Pentagon shooting suspect's parents are 'devastated,' say an illness prompted his 'terrible decision'
The parents of John Patrick Bedell, who was shot to death after pulling a gun on Pentagon police guards, said Friday they are “devastated” by the incident, adding that “his actions were caused by an illness and not a defective character.”
“To the outside world, this tragedy is the first and only thing they will know of Patrick,” his parents said in a statement. “To us, he was a beloved son, brother, grandson, nephew, and cousin. We may never know why he made this terrible decision.”
Bedell, 36, of Hollister, Calif., had mental health problems and had used marijuana, according to authorities, friends and court records.
San Benito County Supervisor Reb Monaco said he had been a close friend of the Bedell family for 35 years.
Upon hearing of the shooting, and at the request of one of Bedell’s brothers, Monaco said he went to the family home late Thursday, spending almost three hours.
“They’re an excellent family, very loving, very close. They have three boys, all of them very intelligent. They grew up with my own children,” he said. “My wife and I were there to support this family. It’s such a tragedy and shock to this family. I can’t believe this tragedy.”
Patrick, he said, had suffered from mental illness for at least 15 years.
“He probably was mentally ill for that period of time,” said Monaco, a retired schoolteacher. “He seemed rather paranoid. He was a heavy marijuana user and tended to self-medicate with marijuana. I don’t know if he used other drugs.”
Nevertheless, Monaco said, Patrick also was a “gentle person.”
“His actions do not really fit that. I’ve known him since he was a little kid. He was always impressed me” as being very gentle, he said. “He was very bright, very intelligent.”
Monaco said the Bedells did not appear to know where Patrick was recently.
His parents reported him missing in January and asked local authorities to hold him, concerned about his mental health, said San Benito County Sheriff Curtis Hill.
Hill said the report stemmed from a call the family received from a Texas state trooper Jan. 3. The trooper said he had stopped their son for speeding on a freeway heading west outside Amarillo, Hill said.
“There’s an inference in [the report] that he was concerned about his mental health,” Hill said. Apparently finding no cause to hold Bedell, the trooper let him go, the sheriff said.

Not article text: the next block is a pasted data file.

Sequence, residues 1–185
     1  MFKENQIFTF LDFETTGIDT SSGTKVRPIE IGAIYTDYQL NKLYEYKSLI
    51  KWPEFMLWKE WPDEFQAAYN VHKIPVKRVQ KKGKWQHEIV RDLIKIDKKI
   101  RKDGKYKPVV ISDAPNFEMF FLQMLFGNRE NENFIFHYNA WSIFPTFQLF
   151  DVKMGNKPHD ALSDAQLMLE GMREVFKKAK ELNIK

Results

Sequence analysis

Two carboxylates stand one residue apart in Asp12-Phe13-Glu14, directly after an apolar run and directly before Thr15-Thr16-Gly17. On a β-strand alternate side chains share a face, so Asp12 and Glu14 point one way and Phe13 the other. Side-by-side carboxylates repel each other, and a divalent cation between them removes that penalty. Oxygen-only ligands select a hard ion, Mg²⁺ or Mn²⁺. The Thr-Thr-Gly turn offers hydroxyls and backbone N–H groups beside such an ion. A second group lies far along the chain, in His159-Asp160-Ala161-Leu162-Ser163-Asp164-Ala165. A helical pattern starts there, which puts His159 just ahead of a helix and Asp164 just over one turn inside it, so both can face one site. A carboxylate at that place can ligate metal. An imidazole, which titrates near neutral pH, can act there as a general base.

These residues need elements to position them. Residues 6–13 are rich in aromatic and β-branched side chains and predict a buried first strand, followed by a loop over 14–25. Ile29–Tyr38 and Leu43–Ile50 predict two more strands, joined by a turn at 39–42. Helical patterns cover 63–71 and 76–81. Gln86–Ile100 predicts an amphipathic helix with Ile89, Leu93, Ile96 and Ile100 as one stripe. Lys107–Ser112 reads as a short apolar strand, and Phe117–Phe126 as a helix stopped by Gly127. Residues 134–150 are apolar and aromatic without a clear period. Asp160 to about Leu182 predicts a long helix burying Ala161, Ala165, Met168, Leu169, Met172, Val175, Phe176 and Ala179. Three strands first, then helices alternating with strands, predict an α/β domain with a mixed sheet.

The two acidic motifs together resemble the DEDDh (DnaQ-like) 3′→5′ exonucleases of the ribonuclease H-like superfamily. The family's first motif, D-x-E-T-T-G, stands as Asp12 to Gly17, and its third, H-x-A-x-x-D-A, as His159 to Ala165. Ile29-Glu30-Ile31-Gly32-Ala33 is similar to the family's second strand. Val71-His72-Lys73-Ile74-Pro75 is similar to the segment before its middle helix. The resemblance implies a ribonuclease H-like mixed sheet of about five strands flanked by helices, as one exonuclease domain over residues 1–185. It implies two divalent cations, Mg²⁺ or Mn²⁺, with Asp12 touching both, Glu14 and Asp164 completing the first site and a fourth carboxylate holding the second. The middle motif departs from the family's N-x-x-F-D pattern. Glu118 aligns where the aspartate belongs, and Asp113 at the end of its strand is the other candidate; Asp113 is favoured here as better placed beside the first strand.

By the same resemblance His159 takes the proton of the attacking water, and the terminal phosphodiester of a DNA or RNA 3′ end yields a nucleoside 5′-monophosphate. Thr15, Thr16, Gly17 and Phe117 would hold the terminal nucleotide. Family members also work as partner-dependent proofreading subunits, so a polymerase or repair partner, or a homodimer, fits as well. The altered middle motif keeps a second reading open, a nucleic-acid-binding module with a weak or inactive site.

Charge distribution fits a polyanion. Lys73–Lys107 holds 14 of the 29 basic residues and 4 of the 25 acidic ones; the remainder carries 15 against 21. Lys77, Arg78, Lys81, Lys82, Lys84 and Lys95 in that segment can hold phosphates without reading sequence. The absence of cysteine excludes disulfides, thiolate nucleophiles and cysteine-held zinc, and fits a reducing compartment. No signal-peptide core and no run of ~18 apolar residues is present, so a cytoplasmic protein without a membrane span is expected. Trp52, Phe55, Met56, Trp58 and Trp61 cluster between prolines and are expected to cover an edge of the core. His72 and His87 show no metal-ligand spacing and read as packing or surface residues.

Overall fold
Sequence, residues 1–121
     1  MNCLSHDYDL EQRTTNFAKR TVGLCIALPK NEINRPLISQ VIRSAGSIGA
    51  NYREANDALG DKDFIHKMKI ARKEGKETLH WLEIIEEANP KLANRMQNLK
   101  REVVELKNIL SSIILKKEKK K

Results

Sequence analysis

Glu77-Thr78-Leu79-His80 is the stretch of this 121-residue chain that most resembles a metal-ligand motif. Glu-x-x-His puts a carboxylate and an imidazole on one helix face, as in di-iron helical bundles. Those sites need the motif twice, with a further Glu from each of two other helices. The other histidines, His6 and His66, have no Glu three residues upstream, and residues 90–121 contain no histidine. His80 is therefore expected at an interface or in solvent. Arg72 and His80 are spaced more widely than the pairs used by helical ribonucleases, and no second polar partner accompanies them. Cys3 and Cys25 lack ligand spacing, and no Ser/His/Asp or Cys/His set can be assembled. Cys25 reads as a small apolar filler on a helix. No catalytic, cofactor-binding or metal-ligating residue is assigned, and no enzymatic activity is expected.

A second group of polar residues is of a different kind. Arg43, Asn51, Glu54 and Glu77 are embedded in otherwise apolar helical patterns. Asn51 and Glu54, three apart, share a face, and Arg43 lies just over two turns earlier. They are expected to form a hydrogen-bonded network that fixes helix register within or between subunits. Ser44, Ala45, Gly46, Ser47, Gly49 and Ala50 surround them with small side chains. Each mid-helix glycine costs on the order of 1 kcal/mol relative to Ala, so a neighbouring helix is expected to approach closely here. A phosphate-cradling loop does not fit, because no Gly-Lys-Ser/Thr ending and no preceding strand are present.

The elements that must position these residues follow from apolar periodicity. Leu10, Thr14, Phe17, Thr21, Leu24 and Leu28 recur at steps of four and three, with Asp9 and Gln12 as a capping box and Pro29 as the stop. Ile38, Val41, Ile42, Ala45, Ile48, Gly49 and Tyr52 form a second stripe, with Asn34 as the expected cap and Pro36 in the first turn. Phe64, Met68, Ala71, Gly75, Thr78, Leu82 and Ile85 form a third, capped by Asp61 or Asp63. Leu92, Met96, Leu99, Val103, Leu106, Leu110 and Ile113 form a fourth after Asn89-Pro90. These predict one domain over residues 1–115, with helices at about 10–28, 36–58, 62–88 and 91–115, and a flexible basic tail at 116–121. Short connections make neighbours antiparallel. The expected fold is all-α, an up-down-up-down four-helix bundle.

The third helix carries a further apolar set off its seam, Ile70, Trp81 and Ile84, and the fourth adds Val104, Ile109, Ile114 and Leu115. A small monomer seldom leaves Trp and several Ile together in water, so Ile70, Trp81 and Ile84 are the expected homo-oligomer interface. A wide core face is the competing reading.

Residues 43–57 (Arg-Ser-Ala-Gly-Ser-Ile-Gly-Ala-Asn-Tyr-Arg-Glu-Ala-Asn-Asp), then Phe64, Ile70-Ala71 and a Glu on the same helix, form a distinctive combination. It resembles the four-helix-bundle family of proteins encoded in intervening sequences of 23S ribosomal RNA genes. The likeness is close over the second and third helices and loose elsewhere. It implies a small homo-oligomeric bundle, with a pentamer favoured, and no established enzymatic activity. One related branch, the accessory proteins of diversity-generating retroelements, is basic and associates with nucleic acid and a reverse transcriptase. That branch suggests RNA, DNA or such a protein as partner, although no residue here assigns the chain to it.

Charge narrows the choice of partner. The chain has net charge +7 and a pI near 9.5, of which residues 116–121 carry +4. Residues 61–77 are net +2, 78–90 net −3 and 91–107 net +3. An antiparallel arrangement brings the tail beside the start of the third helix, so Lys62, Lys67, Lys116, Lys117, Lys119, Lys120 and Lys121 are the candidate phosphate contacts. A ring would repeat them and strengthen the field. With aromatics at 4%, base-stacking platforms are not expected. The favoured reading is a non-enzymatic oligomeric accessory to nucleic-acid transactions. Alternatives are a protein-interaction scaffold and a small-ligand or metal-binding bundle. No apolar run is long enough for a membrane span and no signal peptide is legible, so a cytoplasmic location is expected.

In the San Benito County sheriff’s Jan. 4 missing-person report, Bedell’s father said Patrick and Patrick's brother had been in an argument about three weeks before. The father said he had not seen Patrick since Dec. 30. His son, he said, had been living and working in San Jose, but he didn’t know where.
According to the report, the Texas state trooper told Bedell’s mother that he was concerned for her son's mental health because his car appeared to be in disarray. He said that Bedell had told him he was on his way to the East Coast.
The father told San Benito County deputies that he was concerned for his son’s safety. He said Bedell had a medical marijuana card, had been detained for mental evaluation before and had no friends or relatives on the East Coast.
In 2006, Orange County court records show, Bedell was arrested and charged with cultivating marijuana and resisting arrest. The marijuana charge was later dropped and he pleaded guilty to a misdemeanor of resisting arrest. He served three years’ probation, which ended in August, and for which he did Caltrans community service, according to court records.
Irvine police arrested Bedell at his apartment on Amherst Aisle after neighbors reported him growing marijuana on a balcony.
Seeing the plants, officers obtained a search warrant for his apartment. Four days later, they returned and found 16 marijuana plants, along with an irrigation system, lights and other growing equipment. Bedell was alone in the apartment, according to the police report, and was arrested. He refused to leave under his own power and officers had to carry him to a patrol car.
Officers confiscated cards listing his name and a business, One Gram Cannabis, said Irvine police Lt. Henry Boggs.
Bedell recently had attended San Jose State as a graduate student, studying electrical engineering, said Pat Harris, a university spokeswoman. He had enrolled in courses in fall 2008 through fall 2009, she said.
Bedell had not enrolled for the 2010 spring semester, but “he was a student in good standing. He was not on academic probation” nor did he have a criminal record at the university, Harris said.